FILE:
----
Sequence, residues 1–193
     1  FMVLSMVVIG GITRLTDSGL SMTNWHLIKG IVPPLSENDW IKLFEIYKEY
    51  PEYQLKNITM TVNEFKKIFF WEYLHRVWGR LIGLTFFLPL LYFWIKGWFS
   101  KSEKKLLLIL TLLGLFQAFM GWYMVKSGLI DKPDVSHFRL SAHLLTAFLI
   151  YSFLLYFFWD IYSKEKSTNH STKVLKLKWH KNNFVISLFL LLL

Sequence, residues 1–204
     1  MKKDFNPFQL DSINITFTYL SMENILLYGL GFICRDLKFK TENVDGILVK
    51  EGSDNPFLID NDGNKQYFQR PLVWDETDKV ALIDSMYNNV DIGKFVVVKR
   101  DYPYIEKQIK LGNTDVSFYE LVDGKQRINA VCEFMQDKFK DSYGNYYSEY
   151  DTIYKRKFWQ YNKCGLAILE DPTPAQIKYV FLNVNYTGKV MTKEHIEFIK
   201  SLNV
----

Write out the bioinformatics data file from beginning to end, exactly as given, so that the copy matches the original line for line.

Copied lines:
Sequence, residues 1–193
     1  FMVLSMVVIG GITRLTDSGL SMTNWHLIKG IVPPLSENDW IKLFEIYKEY
    51  PEYQLKNITM TVNEFKKIFF WEYLHRVWGR LIGLTFFLPL LYFWIKGWFS
   101  KSEKKLLLIL TLLGLFQAFM GWYMVKSGLI DKPDVSHFRL SAHLLTAFLI
   151  YSFLLYFFWD IYSKEKSTNH STKVLKLKWH KNNFVISLFL LLL

Sequence, residues 1–204
     1  MKKDFNPFQL DSINITFTYL SMENILLYGL GFICRDLKFK TENVDGILVK
    51  EGSDNPFLID NDGNKQYFQR PLVWDETDKV ALIDSMYNNV DIGKFVVVKR
   101  DYPYIEKQIK LGNTDVSFYE LVDGKQRINA VCEFMQDKFK DSYGNYYSEY
   151  DTIYKRKFWQ YNKCGLAILE DPTPAQIKYV FLNVNYTGKV MTKEHIEFIK
   201  SLNV